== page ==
The Advocate General assessed whether the UK law restriction could be justified. She found that it was not necessary to partition the internal market in order to protect the specific subject matter of the rights to live football transmissions. The Advocate General also considered the FAPL's claims that the "closed period" for live transmissions (i.e. the period in a particular country when football associations can stipulate that no live football matches may be broadcast) could justify the restrictions. The Advocate General noted that a particularly strict test would need to be applied when assessing the need for closed periods. In light of her view that the use of the closed period in the UK might be due in part to economic considerations, rather than merely to encourage attendance at matches, the Advocate General did not consider that the closed periods justified the restriction. However, she noted that in the High Court proceedings it might be possible for the FAPL to demonstrate that different conditions in English football needed to be protected by closed periods and that live transmissions have substantial detrimental effects on match attendance.

Competition law

The High Court had asked the ECJ whether it was sufficient for a licence agreement concerning the territorially limited transmission of a broadcast to be a restriction by object and so infringe Article 101(1) TFEU, or whether it was necessary to show an actual restrictive effect on competition. The Advocate General noted that, in line with previous case law, if an agreement or concerted practice has the object of preventing, restricting or distorting competition, it is not necessary to examine the effects of that agreement.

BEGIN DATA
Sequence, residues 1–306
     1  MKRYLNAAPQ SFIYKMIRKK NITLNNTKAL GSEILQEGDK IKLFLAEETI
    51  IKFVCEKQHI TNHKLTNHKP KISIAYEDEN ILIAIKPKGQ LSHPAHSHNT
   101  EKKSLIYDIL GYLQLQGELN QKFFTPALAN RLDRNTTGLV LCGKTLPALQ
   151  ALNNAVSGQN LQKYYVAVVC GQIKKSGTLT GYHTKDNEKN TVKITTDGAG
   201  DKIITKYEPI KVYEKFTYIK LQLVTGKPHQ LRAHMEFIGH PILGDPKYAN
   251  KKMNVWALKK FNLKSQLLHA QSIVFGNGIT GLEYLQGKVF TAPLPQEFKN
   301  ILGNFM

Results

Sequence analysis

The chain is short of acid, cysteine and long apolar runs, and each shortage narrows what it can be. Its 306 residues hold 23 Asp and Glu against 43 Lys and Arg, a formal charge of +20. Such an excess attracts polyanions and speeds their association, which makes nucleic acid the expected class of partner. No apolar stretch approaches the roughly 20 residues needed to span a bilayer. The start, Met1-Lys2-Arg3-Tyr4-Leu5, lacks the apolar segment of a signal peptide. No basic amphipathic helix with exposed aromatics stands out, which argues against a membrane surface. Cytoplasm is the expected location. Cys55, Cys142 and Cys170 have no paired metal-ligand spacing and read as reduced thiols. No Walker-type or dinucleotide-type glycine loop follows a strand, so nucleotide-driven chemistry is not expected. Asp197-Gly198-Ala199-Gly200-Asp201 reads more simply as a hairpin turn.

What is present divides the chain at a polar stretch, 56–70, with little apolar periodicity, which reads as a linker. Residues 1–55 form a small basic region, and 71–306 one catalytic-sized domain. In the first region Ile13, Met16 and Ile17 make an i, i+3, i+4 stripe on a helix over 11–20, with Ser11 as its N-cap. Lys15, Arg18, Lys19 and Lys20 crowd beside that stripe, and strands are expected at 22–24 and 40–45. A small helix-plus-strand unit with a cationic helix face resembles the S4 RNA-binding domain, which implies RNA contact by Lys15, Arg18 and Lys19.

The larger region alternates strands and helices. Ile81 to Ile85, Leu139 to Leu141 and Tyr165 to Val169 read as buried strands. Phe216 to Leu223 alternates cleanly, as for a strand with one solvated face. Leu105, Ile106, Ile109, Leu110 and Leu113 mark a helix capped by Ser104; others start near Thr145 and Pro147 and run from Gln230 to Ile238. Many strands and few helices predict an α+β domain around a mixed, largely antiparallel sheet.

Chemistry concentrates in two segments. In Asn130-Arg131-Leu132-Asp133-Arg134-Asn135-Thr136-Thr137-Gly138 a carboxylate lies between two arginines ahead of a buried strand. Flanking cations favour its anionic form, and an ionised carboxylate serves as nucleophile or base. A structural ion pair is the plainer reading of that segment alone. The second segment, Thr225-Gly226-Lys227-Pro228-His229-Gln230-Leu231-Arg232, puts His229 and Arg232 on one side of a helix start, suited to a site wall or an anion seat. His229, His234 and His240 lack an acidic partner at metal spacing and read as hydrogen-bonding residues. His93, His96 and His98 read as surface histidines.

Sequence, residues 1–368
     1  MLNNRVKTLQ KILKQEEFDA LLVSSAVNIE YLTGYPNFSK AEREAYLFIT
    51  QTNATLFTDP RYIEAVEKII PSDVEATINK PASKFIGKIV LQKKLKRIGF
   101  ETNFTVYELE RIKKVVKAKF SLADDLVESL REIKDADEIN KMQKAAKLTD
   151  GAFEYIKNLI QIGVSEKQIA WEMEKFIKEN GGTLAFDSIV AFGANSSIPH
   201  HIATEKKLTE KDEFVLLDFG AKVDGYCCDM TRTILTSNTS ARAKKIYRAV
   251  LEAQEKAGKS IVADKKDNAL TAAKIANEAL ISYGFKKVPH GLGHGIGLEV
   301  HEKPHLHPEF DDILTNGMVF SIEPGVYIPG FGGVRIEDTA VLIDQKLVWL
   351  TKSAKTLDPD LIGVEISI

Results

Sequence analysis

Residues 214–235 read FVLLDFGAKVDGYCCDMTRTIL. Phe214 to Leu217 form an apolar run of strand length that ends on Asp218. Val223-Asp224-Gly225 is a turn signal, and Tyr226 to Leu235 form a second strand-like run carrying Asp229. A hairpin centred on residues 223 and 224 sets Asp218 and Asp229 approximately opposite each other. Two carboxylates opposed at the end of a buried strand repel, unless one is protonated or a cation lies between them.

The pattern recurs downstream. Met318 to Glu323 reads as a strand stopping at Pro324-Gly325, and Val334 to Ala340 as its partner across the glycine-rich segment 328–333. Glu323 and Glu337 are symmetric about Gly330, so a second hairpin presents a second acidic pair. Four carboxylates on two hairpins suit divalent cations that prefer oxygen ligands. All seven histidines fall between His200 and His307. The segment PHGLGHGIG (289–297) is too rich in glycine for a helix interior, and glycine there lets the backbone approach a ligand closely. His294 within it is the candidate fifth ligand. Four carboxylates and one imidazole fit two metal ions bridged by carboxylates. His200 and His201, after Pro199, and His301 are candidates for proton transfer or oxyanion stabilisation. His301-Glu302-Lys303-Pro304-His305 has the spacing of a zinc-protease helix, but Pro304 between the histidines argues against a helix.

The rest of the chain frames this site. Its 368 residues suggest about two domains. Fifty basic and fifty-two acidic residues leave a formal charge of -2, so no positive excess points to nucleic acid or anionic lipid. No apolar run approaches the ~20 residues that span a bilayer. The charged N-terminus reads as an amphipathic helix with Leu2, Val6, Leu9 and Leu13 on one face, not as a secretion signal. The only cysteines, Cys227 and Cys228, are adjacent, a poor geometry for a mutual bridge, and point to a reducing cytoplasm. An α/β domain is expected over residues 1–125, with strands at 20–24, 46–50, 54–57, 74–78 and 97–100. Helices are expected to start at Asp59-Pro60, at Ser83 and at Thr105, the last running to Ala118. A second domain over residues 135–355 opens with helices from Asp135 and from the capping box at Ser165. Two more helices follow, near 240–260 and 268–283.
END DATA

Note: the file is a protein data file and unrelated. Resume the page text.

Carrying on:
The Advocate General went on to consider whether the restriction in question was a restriction by object. She referred to the fact that the ECJ had in previous cases found that agreements which sought to partition the internal market along national borders, especially those aimed at preventing or restricting parallel imports, were restrictions of competition by object. The Advocate General stated that a contractual obligation requiring the broadcaster to prevent its decoder cards from being used outside the licensed territory had the same effect as agreements preventing or restricting parallel imports, and that this practice of absolute territorial protection was incompatible with the internal market. The Advocate General mentioned that an agreement that falls within the Article 101(1) prohibition may satisfy the conditions for exemption under Article 101(3), but noted that when assessing whether Article 101(3) was applicable, the considerations would be similar to those examined when analysing a possible justification for a restriction on the freedom to provide services.  In this case it was for FAPL to prove that the Article 101(3) criteria were satisfied.

Conclusion

The ECJ must now consider whether to follow the Advocate General's Opinion. Once the ECJ has given its judgment, the matter will be referred back to the High Court to apply the ruling to the individual cases. The Advocate General's Opinion, if followed by the ECJ, will confirm that restrictions on competition which effectively partition the EU into national markets are still regarded as amongst the most serious violations of EU competition law. As noted by the Advocate General, the subject matter of the case and the ECJ's eventual judgment has implications not only for sports rights holders and how they exploit their rights in the future, but also for other sectors such as the distribution of e-books.

Source: Cases C-403/08 and C-429/08, Opinion of Advocate General Kokott, 3 February 2011, available at http://curia.europa.eu/jurisp/cgi-bin/form.pl?lang=EN&Submit=rechercher&numaff=C-403/08